Technically, Portage is no longer a roadside glacier, as it recedes an average of one foot a day and is now no longer visible from the road, but its big blue icebergs are often found along the shore of the lake, right in front of the parking area. On Byron, ice worms are common, if you get down and look. There are also beautiful ice caves and rivulets to see, but be careful not to walk too far onto the ice of this tempting glacier. You can see the lake in a half hour, but may want to spend time at the Begich Boggs Visitor Center (½-1 hour), hike to Byron Glacier (1 hour), take the boat cruise (1 hour), or have lunch at the local cafeteria.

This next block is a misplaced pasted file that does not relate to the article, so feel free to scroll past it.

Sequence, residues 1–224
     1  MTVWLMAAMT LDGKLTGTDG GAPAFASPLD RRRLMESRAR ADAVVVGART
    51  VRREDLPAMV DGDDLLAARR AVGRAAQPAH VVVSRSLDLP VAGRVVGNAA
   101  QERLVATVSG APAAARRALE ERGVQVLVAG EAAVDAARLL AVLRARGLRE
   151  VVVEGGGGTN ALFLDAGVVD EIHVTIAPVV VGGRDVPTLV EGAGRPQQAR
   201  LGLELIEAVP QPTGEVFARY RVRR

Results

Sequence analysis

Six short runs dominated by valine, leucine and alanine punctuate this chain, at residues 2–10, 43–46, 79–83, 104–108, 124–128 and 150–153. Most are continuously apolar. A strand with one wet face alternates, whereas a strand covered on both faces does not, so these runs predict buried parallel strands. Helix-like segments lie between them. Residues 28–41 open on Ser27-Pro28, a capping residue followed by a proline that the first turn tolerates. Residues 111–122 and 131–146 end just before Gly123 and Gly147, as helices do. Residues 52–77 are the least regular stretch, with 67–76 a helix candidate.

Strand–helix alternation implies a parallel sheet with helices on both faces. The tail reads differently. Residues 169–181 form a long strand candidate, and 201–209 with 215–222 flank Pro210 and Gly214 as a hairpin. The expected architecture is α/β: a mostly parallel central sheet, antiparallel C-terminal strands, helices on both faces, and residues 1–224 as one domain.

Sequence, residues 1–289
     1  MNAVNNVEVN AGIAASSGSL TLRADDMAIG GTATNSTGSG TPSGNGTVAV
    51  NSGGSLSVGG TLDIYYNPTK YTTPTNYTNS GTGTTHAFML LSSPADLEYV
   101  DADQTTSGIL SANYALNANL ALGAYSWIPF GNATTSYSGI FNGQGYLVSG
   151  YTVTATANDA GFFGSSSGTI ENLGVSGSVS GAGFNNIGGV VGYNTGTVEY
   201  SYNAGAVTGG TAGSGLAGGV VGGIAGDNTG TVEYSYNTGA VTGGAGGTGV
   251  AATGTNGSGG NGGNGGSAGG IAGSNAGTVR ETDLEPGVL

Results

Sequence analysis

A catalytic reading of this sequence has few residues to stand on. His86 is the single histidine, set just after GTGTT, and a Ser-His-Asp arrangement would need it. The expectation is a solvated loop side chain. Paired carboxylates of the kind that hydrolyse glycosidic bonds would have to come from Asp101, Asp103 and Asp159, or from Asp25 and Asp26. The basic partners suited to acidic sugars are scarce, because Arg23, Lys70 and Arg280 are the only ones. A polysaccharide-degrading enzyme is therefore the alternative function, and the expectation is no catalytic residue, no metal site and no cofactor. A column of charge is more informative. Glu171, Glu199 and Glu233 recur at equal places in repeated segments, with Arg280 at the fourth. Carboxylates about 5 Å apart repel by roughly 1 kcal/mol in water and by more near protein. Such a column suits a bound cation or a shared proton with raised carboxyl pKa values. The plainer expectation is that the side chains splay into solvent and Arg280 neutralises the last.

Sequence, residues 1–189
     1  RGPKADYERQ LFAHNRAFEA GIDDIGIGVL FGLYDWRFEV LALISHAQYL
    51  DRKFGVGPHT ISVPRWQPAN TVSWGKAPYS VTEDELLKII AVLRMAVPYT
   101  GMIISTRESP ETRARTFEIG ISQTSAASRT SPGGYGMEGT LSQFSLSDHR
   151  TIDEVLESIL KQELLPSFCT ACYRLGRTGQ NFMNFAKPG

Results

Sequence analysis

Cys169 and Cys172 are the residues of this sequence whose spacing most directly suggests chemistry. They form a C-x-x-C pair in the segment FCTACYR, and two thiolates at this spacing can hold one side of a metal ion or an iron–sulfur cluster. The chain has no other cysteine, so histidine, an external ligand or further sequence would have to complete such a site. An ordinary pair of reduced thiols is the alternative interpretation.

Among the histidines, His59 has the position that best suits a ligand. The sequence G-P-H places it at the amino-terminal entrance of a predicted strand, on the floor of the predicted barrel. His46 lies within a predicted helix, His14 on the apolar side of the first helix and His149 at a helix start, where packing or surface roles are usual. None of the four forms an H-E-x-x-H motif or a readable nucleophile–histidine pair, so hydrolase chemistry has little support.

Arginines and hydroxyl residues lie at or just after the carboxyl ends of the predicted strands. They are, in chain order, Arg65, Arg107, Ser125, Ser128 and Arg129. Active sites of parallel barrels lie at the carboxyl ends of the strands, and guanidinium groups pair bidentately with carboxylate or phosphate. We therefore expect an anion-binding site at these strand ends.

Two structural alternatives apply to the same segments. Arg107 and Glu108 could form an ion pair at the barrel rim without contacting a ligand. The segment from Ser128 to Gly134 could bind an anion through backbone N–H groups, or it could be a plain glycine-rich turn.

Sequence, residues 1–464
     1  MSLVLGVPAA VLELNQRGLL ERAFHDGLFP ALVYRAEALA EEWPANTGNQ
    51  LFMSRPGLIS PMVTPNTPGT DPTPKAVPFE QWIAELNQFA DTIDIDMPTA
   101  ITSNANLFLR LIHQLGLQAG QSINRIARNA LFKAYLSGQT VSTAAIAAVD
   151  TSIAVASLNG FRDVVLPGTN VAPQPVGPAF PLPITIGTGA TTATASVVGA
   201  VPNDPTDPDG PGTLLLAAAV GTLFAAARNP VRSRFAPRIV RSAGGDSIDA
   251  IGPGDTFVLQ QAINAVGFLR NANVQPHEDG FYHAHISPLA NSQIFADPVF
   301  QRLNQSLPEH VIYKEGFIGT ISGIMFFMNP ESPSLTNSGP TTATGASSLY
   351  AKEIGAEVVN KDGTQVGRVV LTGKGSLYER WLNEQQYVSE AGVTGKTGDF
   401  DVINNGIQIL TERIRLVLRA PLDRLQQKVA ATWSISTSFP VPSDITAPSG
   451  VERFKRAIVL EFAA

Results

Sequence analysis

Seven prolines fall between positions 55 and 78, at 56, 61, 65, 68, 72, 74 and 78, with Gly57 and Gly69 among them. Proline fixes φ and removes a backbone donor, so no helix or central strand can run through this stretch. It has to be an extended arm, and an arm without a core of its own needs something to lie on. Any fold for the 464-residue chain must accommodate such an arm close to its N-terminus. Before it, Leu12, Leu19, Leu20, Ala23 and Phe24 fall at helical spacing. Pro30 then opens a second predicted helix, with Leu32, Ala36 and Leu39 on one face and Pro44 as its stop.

Head south from Anchorage on the Seward Highway, to the end of the 5-mile Portage Spur Road. You can visit the face of Portage by tour boat from the dock at the lake. Byron Glacier trailhead is near Portage Lake. It's a one-mile scenic walk to the glacier face along Byron Creek. Bring a light jacket, as winds tend to pick up around the face of the glacier itself.
48 miles south of Anchorage